You always hear about how easy it is to grow and how it’s nearly impossible to fail to make these plants thrive. So it can feel like you have the blackest of thumbs if your photos are sad and stunted. You aren’t a failure doomed to a lifetime of pathetic houseplants, I promise.
Pothos are living things, and like all living things, they can sometimes struggle to thrive. Anyone who has lived on a diet of fast food during a particularly busy time in their life can certainly relate. A close up vertical image of a pothos houseplant growing in a white pot set on a wooden surface. To the top and bottom of the frame is green and white printed text.
The trick, obviously, is figuring out what the problem is and addressing it as quickly as you can. The good news is that pothos are quick to turn around once you determine what the issue is. In this guide, we’ll walk you through what can cause stunted pothos growth and small leaves so you can sort out their woes.
What are the Reasons For Stunted Pothos?
Here are the possible reasons why your pothos might not be growing. I will walk you through to identify and solve the issues and make your pothos thrive again.
It is important to understand that there are periods of the year when pothos don’t grow, and this dormancy is perfectly normal. During the cooler winter months, expect your Pothos to put on very little growth, even in an indoor environment.
2. Lack of Light
This is quite a common one. The Pothos has such a reputation for accepting low light conditions that people expect it to grow when light is insufficient.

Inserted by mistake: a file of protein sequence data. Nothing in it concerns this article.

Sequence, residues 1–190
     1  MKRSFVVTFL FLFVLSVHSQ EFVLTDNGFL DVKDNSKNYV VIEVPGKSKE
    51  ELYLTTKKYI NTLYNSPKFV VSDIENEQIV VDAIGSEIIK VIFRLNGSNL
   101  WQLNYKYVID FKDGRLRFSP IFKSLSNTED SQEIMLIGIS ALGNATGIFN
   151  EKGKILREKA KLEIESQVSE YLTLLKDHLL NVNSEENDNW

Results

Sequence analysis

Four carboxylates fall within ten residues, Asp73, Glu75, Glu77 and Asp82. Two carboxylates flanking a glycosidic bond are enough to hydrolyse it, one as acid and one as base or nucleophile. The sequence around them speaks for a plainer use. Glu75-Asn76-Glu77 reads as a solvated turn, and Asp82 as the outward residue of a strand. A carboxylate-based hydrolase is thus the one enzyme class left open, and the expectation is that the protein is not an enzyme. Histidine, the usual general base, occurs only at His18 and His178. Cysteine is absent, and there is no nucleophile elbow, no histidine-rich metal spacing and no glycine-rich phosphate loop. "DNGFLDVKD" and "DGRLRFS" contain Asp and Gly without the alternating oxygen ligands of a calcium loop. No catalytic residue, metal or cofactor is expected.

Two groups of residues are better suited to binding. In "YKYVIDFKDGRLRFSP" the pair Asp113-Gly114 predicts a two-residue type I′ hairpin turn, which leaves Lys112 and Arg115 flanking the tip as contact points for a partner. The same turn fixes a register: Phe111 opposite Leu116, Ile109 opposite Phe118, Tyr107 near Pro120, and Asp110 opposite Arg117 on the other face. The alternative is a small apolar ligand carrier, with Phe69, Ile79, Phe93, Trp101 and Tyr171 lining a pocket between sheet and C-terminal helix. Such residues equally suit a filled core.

The plant will survive in less-than-ideal lighting conditions, but it will not grow much. Ideally, you want to place your plant where it will get bright light but not direct sunlight.
3. Lack of Nutrients
To perform at their best, all plants need nutrients and the Pothos is no exception. You don’t need to feed your plant every other day, but it does need to be in fertile soil.
Often, when you purchase a plant, the soil it arrives in is already depleted. Repot your Pothos into a similar-sized, or slightly larger pot and use good quality potting soil with good drainage capacity.
Why Are My Pothos Losing Leaves?
Like all plants, Pothos drop a few leaves from time to time. If that leaf drop becomes extreme, it is a sure sign that your plant is unhappy. This is almost always a result of over or underwatering.
Overwatering is the most common reason for pothos demise. Plant owners see that their plant is starting to look unhappy and their first instinct is to save it by applying more water.
Very often, it was too much water that initiated the unhappiness in the first place. Not only will the pothos start dropping leaves, but they will also stop growing. Normally, before dropping, the leaves will become flaccid and turn yellow.
The opposite extreme to overwatering is underwatering, and curiously, this issue can produce somewhat similar results. Your pothos will wilt and then leaves will go brown, crisp, and fall off.
3. Improper Nutrients
Here’s another common one. Everyone wants their Pothos to grow rapidly and turn into that rampant vine they have seen in the garden magazines.
They try to shortcut natural rates of growth by supplying excess food in the form of fertilizer. This is not going to work.
Natural growth rates are predetermined and all you can do is provide optimal conditions so that your plant grows to its best potential. If you give too much fertilizer or the wrong type of fertilizer, you risk poisoning the plant slowly.